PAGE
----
The Guardian investigates the Syrian Electronic Army (SEA). The UK newspaper, itself a victim of SEA Twitter account hijacking, reports the SEA is directed by the Assad regime, that it works to disrupt Syrian rebels' online activities, and that it both spreads the regime's "alternative narrative" of the civil war and punishes media outlets that won't. The SEA is said to operate principally from "secret locations" in Dubai, covered by Rami Makhlouf's business operations.
Twitter says the SEA's recent account hacks were accomplished through social engineering, and warns media companies to expect more.
Effects of the LivingSocial breach continue to expand, courtesy of careless password sharing and reuse. Banks in particular regard the breach as a threat to customers' security.
British bank Ramnit undergoes an attack Trusteer describes as sophisticated—HTML injection carefully crafted to mimic legitimate webpages with unusual plausibility.
Gaming software site SourceForge continues to be spoofed by sites that deliver crimeware payloads.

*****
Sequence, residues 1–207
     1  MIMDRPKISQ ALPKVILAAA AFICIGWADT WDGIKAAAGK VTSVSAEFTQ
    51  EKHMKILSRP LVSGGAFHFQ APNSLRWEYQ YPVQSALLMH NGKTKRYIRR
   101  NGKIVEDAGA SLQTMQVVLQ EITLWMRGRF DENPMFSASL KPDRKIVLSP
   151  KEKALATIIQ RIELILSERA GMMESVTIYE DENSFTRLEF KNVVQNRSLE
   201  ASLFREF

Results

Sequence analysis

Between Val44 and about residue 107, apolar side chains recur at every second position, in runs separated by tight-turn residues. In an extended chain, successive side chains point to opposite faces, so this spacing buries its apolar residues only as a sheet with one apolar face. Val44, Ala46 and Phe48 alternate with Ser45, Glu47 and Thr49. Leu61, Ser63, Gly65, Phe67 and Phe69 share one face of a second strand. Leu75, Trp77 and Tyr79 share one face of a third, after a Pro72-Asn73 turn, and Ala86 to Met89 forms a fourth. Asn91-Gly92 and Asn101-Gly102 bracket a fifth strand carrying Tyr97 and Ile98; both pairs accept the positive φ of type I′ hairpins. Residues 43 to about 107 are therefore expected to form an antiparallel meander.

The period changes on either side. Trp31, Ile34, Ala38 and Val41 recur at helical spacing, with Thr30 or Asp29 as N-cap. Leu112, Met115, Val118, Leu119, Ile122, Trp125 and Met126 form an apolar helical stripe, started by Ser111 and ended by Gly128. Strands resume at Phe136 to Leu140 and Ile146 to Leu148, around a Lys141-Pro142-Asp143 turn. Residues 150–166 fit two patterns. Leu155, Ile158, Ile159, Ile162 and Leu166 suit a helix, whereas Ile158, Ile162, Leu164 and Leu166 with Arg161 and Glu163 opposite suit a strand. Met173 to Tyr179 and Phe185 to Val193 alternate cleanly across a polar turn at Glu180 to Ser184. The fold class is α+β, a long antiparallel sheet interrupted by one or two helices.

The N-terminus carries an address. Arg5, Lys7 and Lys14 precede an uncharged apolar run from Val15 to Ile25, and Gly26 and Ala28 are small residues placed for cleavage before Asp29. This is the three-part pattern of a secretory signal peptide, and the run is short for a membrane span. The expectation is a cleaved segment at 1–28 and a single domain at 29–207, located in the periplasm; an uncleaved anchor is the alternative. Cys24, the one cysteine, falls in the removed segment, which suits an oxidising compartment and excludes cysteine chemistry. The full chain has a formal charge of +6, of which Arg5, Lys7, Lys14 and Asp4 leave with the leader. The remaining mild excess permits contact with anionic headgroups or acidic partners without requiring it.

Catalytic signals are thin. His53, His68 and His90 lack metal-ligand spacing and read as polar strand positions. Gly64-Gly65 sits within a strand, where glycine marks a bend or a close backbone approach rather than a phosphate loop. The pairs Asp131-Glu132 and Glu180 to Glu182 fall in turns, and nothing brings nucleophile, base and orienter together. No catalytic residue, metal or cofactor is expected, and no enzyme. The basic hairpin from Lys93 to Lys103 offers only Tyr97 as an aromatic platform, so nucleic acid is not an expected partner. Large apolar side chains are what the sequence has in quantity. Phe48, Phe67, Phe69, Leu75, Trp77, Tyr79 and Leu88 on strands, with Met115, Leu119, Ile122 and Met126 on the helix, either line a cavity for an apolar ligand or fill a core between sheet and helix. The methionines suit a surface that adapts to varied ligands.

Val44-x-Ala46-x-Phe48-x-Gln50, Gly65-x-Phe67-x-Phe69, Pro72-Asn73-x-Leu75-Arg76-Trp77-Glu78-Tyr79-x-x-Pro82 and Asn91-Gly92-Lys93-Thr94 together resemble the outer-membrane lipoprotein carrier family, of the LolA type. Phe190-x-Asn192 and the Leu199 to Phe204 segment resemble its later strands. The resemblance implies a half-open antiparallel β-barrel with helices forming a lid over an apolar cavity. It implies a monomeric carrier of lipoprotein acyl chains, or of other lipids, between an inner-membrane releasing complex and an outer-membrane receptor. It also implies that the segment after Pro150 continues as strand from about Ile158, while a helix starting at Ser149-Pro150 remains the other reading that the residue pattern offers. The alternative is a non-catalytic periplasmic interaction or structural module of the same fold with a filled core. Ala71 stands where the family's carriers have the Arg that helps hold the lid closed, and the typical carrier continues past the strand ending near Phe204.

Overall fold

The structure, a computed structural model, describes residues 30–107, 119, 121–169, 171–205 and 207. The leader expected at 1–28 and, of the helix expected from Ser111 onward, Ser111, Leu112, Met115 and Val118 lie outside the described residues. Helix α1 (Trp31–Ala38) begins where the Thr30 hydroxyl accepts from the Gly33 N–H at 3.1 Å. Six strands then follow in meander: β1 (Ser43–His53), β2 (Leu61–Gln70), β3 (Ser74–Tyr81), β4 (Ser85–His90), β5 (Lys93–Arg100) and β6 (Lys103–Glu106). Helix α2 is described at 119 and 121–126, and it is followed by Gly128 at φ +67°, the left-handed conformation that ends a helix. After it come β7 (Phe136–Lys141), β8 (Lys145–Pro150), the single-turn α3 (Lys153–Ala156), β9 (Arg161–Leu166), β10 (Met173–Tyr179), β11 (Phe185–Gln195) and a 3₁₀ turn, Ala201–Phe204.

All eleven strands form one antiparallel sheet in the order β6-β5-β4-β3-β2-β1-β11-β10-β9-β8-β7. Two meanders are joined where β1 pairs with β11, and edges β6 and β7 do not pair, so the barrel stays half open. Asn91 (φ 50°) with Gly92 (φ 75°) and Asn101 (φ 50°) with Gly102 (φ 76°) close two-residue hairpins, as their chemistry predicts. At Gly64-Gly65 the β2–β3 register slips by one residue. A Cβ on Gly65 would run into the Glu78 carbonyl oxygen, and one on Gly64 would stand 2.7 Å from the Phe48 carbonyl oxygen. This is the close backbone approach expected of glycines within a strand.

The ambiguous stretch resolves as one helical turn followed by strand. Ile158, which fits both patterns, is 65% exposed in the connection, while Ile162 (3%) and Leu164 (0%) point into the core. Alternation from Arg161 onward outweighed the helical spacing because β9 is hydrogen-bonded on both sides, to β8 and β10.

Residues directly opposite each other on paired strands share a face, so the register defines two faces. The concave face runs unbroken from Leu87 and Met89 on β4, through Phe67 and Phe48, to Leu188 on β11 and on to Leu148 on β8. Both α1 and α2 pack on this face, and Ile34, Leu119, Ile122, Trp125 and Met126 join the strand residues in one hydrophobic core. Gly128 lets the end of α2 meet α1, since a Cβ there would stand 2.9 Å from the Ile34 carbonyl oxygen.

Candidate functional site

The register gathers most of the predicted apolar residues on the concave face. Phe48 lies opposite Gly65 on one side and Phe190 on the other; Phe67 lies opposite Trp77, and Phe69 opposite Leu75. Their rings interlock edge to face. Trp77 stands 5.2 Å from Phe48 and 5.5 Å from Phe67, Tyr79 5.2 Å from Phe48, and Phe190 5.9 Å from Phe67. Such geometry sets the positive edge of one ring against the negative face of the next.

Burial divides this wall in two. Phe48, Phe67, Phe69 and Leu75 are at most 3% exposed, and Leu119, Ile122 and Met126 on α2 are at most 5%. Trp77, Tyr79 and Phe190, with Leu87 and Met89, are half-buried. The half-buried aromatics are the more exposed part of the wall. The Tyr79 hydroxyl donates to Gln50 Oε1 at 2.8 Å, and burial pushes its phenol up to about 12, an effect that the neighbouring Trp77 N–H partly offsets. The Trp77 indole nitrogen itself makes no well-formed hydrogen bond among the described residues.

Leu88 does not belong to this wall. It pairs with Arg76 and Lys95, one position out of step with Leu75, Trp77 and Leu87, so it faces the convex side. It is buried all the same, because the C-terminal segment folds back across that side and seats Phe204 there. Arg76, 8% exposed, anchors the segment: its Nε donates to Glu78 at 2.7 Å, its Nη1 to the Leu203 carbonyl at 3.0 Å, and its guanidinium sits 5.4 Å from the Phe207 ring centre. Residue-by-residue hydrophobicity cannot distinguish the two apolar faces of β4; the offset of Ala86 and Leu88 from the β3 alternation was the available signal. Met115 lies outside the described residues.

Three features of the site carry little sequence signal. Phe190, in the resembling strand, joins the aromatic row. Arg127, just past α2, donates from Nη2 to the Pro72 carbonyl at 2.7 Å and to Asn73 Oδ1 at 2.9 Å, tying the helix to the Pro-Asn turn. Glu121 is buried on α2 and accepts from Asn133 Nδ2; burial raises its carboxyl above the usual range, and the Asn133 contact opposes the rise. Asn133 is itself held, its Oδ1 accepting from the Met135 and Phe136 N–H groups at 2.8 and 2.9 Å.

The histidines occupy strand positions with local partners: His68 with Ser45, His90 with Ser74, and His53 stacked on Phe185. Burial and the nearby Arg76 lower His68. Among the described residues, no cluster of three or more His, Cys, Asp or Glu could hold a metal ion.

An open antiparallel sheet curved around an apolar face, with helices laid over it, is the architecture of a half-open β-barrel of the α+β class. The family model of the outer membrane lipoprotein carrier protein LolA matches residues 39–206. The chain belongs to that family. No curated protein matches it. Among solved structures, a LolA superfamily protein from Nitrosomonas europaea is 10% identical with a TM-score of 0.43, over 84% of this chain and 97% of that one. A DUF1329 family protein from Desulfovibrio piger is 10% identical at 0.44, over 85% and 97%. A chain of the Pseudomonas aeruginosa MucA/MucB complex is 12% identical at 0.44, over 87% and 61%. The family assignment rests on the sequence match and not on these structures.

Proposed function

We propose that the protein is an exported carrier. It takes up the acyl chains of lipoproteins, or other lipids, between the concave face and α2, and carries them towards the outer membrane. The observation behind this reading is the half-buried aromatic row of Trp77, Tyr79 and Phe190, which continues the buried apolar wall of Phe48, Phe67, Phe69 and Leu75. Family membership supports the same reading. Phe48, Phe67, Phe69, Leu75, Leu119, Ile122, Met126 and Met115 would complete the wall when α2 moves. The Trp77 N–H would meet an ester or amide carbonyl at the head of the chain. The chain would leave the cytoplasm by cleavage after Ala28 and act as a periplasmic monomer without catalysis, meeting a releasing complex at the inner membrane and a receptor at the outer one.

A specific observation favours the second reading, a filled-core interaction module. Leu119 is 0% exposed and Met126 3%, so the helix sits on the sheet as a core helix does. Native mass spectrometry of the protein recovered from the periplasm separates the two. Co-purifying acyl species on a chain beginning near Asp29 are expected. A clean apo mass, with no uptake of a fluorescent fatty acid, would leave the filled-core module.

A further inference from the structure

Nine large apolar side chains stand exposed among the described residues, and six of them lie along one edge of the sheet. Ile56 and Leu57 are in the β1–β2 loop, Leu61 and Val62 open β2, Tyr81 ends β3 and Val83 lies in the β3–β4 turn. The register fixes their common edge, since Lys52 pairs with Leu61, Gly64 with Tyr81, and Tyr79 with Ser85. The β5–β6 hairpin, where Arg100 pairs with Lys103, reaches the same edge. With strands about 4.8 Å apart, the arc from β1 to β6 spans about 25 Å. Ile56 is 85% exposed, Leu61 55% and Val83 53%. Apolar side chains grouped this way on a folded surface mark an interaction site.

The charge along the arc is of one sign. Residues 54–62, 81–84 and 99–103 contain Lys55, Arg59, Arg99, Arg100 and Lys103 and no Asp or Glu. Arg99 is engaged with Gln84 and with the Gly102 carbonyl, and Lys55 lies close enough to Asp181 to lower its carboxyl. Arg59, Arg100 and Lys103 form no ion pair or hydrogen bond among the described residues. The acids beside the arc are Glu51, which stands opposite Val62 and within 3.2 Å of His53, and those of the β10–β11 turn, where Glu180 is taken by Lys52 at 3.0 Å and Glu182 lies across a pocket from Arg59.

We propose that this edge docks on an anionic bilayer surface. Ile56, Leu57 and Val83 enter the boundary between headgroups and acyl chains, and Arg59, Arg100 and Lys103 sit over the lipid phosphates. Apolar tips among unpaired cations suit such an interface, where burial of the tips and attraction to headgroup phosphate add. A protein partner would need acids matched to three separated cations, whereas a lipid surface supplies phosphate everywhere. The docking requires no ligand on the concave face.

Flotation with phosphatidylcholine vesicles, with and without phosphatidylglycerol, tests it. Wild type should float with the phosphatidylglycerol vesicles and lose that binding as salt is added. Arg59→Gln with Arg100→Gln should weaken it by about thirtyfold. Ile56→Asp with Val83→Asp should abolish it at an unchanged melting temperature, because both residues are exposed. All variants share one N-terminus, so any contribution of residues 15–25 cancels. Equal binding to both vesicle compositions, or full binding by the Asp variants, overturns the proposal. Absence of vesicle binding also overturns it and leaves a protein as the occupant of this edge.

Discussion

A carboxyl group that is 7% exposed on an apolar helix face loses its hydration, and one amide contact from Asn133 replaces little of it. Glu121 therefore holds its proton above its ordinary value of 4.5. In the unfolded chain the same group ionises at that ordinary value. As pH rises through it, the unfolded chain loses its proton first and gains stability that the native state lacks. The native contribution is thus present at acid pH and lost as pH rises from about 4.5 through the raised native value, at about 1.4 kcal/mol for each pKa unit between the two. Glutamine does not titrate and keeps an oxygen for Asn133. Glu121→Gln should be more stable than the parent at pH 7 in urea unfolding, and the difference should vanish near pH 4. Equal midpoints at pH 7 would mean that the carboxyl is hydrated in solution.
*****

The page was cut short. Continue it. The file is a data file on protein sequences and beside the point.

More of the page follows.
A firmware backdoor is found in D-Link and Vivotek IP cameras. Malicious pdfs are on the rise, and McAfee finds a vulnerability in Adobe Reader. Authorities in Mecklenburg Vorpommern decide it's easier to replace infected computers than clean them of the Conficker worm.
Peripherals are increasingly exploited in denial-of-service attacks. Tools to execute such attacks have become a staple of the crimeware black market. There are some indications that market is adopting Bitcoin as a difficult-to-trace currency.
Australia plans to upgrade cyber defenses. Mozilla tells Gamma International to cease and desist spoofing Firefox with FinSpy.